In August’s IPO Watch, we highlighted a trend for numerous rounds of increasingly large late-stage funding into mature businesses as preparation for listing (hello, Uber… Read more
In August’s IPO Watch, we highlighted a trend for numerous rounds of increasingly large late-stage funding into mature businesses as preparation for listing (hello, Uber and Airbnb). This month we focus on a business which has taken the opposite route: Xurpas Inc.
Little known outside its native Philippines until it filed for IPO with the Philippine Stock Exchange in October, the 13-year old mobile games and content provider has had plenty of time and opportunities to go through multiple funding rounds, but it eschewed all forms of capital raising, going straight to IPO without ever taking out a loan or investment. Whilst it has yet to export its business beyond national boundaries, growth within the Philippines has been exceptional. The IPO prospectus of Xurpas shows revenue growth of 75% on average per year since 2011 and enviable margins of 42% average earnings before tax.
At the time of writing, the date of listing had not been finalised, but Xurpas was reported as witnessing a “brisk” demand for its shares with the order book is more than 100% covered at the maximum price. It is difficult to imagine a typical Western technology company being able to grow to IPO size without backing these days – even bootstrapped GoPro eventually took US$2 million from Foxconn before listing. Zoho, the Indian online business, productivity and collaboration app provider headquartered in Pleasanton, California is the notable outlier, and Sridhar Vembu – founder and CEO – has little desire to raise external funds, whether by IPO or other means, seeing slow continued growth as the path to success:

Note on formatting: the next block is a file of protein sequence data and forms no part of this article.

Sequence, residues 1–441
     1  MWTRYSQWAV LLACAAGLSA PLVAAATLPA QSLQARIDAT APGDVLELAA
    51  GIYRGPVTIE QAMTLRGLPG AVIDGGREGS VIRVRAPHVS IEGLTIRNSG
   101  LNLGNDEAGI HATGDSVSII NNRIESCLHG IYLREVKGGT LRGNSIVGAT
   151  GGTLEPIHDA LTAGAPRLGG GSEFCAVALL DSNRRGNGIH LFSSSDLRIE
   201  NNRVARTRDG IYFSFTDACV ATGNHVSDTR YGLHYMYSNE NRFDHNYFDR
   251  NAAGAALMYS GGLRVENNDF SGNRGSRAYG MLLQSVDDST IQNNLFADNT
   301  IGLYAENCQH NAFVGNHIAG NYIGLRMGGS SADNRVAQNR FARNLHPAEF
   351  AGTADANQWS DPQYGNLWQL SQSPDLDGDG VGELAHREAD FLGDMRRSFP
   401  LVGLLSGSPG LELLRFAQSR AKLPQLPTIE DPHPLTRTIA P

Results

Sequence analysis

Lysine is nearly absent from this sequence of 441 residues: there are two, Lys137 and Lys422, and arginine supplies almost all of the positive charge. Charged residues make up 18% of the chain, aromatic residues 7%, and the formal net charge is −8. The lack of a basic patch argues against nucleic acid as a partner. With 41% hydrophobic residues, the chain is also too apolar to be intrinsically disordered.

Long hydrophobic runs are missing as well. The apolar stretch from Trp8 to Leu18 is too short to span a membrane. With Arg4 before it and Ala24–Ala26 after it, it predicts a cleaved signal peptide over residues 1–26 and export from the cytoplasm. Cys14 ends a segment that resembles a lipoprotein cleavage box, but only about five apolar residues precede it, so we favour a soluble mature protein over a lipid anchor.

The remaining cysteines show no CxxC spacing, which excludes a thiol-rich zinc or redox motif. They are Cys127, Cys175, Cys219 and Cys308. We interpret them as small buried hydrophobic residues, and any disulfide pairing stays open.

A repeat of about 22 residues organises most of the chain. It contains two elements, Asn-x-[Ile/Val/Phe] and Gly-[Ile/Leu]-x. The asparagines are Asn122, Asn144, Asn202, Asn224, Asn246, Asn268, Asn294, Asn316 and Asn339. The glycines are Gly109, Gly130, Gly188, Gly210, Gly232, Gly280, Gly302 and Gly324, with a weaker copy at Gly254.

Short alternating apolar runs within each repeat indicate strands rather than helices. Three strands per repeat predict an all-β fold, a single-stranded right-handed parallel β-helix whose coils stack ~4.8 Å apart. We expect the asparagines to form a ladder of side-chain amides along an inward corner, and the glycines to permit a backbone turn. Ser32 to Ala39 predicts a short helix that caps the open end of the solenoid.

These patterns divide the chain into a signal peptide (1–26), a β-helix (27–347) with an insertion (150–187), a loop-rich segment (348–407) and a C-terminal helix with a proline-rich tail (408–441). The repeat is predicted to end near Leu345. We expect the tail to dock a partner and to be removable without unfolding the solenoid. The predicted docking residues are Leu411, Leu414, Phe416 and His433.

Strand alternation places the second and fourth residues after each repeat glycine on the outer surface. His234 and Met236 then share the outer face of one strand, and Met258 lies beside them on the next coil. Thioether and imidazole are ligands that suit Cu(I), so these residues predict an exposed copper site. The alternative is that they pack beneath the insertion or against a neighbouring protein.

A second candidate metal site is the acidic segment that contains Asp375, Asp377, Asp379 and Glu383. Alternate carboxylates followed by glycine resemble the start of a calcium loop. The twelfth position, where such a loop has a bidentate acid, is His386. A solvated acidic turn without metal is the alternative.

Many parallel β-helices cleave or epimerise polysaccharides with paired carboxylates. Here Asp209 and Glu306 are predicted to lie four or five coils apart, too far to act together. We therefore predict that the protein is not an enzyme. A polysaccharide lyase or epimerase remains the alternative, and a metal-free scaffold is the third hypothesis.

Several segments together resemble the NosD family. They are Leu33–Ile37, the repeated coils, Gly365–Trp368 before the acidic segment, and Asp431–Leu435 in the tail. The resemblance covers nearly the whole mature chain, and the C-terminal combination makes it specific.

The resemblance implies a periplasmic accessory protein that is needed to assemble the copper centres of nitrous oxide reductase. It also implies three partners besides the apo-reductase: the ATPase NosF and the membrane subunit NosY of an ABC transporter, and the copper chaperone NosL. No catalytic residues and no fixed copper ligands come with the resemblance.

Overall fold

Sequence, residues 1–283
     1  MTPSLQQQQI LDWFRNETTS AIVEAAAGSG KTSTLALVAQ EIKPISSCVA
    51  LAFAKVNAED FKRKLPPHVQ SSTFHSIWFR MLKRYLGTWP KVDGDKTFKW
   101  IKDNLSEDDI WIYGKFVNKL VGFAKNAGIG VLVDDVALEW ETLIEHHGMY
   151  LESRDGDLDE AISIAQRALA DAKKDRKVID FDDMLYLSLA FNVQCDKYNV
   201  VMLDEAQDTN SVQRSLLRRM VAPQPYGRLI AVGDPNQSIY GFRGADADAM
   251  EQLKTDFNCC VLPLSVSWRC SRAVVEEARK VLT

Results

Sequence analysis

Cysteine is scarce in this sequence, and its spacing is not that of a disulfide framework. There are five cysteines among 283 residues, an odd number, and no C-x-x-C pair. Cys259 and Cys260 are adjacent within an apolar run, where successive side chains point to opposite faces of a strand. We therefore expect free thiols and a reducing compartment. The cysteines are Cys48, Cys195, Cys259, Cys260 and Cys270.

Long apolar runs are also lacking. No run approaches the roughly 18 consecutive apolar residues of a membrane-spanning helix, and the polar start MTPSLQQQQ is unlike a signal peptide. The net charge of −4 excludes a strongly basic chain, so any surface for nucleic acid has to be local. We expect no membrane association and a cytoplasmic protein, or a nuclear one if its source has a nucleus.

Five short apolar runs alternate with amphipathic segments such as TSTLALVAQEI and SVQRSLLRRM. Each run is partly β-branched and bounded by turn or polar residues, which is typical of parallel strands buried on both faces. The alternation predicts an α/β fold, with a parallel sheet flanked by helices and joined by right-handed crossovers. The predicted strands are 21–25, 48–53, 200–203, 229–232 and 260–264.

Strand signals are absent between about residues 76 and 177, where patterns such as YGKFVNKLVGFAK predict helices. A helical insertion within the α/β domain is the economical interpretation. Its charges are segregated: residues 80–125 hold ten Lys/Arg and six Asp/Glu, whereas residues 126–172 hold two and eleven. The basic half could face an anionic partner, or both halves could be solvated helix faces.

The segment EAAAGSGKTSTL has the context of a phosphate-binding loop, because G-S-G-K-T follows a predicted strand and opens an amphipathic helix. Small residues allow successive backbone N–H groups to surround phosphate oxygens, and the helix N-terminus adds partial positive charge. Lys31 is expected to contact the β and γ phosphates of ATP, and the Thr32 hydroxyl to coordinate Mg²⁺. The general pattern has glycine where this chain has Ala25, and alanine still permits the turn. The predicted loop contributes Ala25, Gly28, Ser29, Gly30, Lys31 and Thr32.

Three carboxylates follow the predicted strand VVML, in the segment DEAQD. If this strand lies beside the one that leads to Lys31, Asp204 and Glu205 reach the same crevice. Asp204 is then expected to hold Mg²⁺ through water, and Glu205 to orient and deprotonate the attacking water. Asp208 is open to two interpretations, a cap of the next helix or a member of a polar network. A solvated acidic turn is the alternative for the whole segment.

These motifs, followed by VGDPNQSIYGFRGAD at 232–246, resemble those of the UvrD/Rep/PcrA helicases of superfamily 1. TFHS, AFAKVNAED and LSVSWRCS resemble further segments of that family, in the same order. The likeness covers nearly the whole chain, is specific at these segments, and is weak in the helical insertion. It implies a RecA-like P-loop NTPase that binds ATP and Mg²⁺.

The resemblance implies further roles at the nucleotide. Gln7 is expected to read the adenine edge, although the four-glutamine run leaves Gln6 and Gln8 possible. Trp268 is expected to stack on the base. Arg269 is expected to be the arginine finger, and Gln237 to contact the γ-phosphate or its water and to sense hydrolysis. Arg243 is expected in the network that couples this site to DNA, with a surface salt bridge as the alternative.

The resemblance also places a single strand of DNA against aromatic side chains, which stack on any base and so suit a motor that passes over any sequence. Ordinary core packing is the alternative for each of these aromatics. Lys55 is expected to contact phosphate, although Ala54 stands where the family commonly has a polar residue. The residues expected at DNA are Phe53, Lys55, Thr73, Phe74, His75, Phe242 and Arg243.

“When companies grow too fast they never figure out management and cultural issues, they just pile on layers of management,” Vembu said in a recent interview with PandoDaily. “We just learned on the job – trial by fire. We made lots of mistakes, but no major ones. That’s the good thing, when you’re small, you can correct them. And the process of making mistakes is crucial to the process of learning.”
You can disagree with Vembu on the benefits (or otherwise) of seeking external investment – and many do – but very few businesses could claim to have been steady enough to survive two tech bubbles and a broader economic recession without the protective cushion of external funds.
Xurpas and Zoho apart, the club for owners of bootstrapped businesses enjoying tens (or hundreds) of millions in revenue is a tiny one. But to give entrepreneurs a helping hand: welcome to FlightDeck!
For more information, please contact Andy Moseby.